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Increasing The Role Of Nurse Practitioners In The Inpatient Setting

Fri, 04/12/2013 - 9:46am
Gene Uzawa Dorio, M.D.

We are fortunate in our country to have the best medical technology in the world. Unfortunately, delivery of this technology, reflected in a worldwide healthcare ranking of 37th, is a disservice to the American people and must be rectified especially when Cuba is ranked 39th.

As provisions of the Affordable Care Act are put in place, a daunting factor is the shortage of doctors who will be needed to provide this healthcare. Statistics from the Association of American Medical Colleges predicts by 2015, we will lack 62,900 physicians nationwide, and this will grow to 130,000 by 2025. This is a dilemma that cannot be quickly nor easily remedied, as it will take decades to catch up. What can be done until then?

We must harness present available resources including nurse practitioners (NP) and physician assistants (PA) to bridge the healthcare gap. Integrating NP and PA expertise is imperative, but this must be done while assuring quality patient care and not bring the American healthcare ranking even lower.

As a member of the Medical Executive Committee (MEC) and Chairman of the Department of Medicine at our small community hospital, I have studied these details and would like to convey to you my findings. Our hospital is not presently considering PAs for staff membership, therefore I will restrict this discussion to NPs.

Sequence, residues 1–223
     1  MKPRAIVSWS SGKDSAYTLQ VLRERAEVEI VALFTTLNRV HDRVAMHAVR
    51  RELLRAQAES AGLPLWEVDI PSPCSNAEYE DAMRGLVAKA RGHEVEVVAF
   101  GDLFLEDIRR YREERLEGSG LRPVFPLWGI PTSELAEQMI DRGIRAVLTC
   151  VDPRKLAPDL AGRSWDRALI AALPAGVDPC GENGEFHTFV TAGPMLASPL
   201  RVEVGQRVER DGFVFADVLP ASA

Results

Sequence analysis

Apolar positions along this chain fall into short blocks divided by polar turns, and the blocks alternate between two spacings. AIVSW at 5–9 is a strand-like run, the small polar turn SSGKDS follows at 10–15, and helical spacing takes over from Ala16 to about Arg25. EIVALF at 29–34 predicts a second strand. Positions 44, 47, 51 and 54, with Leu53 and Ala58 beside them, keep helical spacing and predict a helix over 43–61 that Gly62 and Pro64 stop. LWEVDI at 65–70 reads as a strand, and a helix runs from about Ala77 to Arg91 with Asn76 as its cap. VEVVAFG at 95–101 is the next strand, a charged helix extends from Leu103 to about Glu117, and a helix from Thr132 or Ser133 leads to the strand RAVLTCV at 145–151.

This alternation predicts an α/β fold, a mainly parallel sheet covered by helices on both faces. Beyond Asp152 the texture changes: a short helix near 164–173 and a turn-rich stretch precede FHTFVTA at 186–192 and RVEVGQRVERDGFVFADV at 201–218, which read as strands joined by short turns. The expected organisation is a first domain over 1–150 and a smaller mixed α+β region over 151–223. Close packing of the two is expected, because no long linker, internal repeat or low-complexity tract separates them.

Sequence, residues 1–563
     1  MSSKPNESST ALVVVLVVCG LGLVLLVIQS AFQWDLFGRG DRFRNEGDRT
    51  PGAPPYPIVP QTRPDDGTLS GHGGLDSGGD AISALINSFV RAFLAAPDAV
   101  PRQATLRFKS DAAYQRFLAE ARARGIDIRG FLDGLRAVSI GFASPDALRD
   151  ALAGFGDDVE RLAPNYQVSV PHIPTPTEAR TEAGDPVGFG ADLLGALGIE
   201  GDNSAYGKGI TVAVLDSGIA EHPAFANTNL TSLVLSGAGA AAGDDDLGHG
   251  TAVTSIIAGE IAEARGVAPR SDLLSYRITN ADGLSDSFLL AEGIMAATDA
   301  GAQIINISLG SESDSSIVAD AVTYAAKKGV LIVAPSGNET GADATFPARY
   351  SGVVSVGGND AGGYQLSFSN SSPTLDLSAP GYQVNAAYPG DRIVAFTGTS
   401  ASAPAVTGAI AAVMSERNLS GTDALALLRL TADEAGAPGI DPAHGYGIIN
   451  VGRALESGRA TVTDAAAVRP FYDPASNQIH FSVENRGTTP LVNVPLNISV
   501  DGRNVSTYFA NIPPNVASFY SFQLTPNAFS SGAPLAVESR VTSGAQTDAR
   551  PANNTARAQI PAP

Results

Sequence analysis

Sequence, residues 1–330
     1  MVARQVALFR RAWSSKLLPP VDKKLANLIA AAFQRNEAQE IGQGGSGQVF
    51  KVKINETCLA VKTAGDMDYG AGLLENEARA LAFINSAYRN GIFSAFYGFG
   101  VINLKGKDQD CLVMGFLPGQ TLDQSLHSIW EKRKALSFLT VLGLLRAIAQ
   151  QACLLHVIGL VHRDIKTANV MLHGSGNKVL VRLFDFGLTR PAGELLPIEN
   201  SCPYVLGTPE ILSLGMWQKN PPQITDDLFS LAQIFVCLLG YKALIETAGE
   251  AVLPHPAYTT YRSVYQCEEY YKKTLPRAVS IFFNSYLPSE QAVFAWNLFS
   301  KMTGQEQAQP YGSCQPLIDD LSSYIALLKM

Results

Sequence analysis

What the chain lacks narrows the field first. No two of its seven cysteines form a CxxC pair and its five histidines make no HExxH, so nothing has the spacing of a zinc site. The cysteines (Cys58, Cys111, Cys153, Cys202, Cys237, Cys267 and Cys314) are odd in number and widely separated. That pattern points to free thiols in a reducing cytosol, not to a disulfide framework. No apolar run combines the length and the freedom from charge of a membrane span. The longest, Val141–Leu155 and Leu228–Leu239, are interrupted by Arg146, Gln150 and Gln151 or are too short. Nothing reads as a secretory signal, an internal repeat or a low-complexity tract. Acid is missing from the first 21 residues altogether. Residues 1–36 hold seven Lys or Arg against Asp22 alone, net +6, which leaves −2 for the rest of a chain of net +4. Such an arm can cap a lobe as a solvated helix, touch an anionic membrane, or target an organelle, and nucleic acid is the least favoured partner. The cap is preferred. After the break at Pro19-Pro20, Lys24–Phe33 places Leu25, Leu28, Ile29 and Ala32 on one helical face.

A nurse practitioner is a registered nurse (RN) who has completed graduate-level education 1-2 years beyond their degree, with some even specializing in fields like pediatrics. Typically, they provide primary care in an outpatient setting like a clinic or medical office under the supervision of a doctor. For years, qualified RNs have moved forward attaining an advanced degree as a NP allowing better and complete care to our patients. So what is the problem?

Hospital administrators now want NPs to take care of inpatients, but obviously, these patients are much sicker than those who are outpatient. NPs rarely get training in a hospital setting, and prior to their post-graduate degree, RNs are taught to follow and implement physician orders, not to develop nor manage a medical care plan.

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